Today’s post is from my friend Jenn Whinnem, who is a corporate communications pro.College students and recent graduates: do you plan to have a job someday? If so, ignore social media at your own peril. According to a 2009 report, 45% of employers are screening social media profiles. Sure, you can hide your Facebook profile and photos, but why not replace it with information about what a star you are at your field of expertise?
When I worked at Golden Compass, Inc., a staffing and recruiting firm, one of my unofficial duties was to talk to college graduates who were looking for work.
I talked to a handful of grads, and quickly discovered they were pretty unfamiliar with social media for business. Â Profile on LinkedIn? Someone at the career center told them to get one, but they didnâ€™t know what to do with it.Â Twitter account? Hadnâ€™t really bothered with it â€“ Twitter sure seemed kind of stupid! Blog? No, what would they blog about?
Hereâ€™s what I told these grads they were missing, and this is only from a job-hunting perspective:
- LinkedIn: The ability to see your networkâ€™s network and find meaningful connections. Got a company you want to work for? Easily see if you have connections to that company.
- Twitter: Twitter is a goldmine for meeting more people in your field. I have connected with many professionals in my field globally who were willing to help me with my job search, mentoring, and solving work challenges. Recruiters are also on Twitter, and there is even a #jobhuntchat at 10PM EST on Monday nights.
- Blog: Showcase your expertise in your field, connect with similar professionals (networking possibilities, anyone?), and list the success of your blogging efforts on your resume. (I admit I donâ€™t do this, but itâ€™s still a great idea.).
When you donâ€™t take advantage of these tools, you lose the ability to create a professional portrait of yourself on the web. Popularly this is known as â€œtaking control of your personal brand.â€ Joe Pulizzi wrote some of my favorite tips for this here.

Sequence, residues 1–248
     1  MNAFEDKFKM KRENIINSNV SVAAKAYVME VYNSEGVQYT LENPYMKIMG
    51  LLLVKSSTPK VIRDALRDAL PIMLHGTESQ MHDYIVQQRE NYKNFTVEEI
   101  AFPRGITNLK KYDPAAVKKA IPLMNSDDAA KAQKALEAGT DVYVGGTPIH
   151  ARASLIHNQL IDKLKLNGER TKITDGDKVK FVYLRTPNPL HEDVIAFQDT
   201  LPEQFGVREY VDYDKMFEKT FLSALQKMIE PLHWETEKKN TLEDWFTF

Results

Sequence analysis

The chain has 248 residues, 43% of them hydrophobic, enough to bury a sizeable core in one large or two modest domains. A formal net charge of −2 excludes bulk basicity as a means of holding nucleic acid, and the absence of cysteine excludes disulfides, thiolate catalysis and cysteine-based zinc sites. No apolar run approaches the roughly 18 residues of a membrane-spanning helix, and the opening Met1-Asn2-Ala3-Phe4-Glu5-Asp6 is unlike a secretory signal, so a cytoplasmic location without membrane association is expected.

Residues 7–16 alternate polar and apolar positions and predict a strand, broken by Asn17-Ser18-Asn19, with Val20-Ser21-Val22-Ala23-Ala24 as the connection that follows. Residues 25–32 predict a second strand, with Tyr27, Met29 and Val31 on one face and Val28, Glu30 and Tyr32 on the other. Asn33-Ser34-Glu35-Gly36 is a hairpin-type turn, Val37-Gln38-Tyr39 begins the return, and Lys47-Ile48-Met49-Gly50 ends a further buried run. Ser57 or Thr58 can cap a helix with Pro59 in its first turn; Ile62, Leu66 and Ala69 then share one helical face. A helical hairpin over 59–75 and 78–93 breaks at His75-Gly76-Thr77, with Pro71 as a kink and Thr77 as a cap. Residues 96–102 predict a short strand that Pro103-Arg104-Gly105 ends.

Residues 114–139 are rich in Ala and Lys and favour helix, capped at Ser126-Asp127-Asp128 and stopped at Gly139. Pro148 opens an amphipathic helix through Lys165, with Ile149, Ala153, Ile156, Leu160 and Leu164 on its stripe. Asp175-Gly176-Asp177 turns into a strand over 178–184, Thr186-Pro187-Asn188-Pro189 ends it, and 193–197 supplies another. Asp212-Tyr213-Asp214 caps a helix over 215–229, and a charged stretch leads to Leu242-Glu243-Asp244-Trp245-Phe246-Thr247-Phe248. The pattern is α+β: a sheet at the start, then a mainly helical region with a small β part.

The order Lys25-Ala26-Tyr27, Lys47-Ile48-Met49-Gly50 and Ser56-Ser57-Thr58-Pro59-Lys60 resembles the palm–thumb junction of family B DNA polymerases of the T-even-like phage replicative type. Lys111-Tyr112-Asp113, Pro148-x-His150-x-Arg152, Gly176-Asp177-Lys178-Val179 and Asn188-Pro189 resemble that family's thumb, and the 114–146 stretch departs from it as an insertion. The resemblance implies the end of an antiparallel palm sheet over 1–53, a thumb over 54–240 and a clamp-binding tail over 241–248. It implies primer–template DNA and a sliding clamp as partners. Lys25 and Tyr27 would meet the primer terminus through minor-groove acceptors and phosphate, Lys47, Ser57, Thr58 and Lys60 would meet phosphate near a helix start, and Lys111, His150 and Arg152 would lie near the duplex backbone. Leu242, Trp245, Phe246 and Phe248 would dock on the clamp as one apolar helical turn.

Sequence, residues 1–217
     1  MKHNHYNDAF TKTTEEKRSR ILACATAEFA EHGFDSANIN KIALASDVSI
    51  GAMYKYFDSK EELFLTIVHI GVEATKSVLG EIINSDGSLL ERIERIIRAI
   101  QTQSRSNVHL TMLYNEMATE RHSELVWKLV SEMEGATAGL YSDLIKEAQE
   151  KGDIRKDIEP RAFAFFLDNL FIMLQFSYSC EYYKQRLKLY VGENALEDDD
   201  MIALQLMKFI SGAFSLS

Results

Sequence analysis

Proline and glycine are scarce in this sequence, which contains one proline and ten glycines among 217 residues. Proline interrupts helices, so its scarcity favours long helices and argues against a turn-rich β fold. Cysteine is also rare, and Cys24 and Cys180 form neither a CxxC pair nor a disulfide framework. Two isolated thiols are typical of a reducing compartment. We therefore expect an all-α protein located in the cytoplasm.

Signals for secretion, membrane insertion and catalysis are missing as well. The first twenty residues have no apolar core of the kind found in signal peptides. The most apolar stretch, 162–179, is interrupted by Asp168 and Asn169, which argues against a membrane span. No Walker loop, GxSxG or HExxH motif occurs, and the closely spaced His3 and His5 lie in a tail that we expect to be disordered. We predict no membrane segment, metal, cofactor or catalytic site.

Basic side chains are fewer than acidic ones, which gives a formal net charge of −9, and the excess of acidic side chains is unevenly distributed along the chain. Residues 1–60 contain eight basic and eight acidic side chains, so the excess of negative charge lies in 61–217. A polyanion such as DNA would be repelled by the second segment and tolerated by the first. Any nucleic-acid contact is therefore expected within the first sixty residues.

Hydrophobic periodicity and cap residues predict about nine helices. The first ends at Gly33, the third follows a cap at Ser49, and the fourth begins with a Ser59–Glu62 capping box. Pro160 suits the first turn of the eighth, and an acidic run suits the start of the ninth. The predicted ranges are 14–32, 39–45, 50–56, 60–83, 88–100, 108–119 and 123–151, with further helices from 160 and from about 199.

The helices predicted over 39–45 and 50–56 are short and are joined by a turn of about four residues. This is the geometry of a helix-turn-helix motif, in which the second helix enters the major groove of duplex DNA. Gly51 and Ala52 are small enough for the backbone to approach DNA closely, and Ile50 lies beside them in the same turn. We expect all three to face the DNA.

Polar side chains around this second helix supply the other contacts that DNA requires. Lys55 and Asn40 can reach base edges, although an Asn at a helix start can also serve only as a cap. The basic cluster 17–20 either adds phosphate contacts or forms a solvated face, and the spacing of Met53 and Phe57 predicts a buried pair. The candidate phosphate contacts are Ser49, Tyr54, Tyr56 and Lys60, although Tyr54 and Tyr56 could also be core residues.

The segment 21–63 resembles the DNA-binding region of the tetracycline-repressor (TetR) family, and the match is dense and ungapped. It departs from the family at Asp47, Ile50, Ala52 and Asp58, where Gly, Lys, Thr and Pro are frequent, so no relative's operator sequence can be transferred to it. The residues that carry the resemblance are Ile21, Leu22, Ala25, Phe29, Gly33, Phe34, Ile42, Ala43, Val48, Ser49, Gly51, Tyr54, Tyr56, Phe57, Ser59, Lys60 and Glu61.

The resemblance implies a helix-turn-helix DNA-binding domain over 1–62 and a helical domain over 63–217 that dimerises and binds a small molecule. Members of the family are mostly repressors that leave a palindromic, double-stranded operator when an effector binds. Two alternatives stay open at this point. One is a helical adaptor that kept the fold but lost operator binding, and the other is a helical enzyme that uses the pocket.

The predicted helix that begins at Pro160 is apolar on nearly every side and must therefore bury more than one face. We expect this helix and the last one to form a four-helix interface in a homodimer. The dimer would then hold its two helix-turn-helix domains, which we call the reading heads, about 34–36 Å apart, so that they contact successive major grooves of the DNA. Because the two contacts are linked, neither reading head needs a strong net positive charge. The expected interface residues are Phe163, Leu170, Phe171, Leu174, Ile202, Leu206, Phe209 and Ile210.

Letâ€™s say youâ€™re convinced and ready to get started. Great! Here are some of the best how-to resources Iâ€™ve found:
- LinkedIn: In 2007, Guy Kawasaki got a LinkedIn makeover that details some great ways to make the most of your profile. Here are some usage tips.
- Twitter: People unfamiliar with Twitter are sometimes not sure how to use it. May I recommend this video or Mashableâ€™s Guide to Twitter. Once youâ€™ve got the hang of it, Jon wrote some great tips on growing your network with social media, and my buddy Mark Schaefer wrote about easy ways to increase your influence on Twitter.
- Blog: Whether you choose Tumblr, WordPress, or something else, itâ€™s easy to get started with blogging. Iâ€™ve had the happy experience of watching my good friend Jayme Soulati start blogging and succeed at it â€“ here are the Blogging 101 tips she came up with as a result.
Still not convinced? Gini Dietrich made a video for young professionals on the lookout for a job. Number one tip? Form relationships with people inside the company where you want to work.
With more and more companies jumping into social media for marketing, it wonâ€™t be long before the majority of their recruitment efforts take place online, too. Get a jump on this trend by engaging in the social web. This is the future. It’s time to add it as a friend.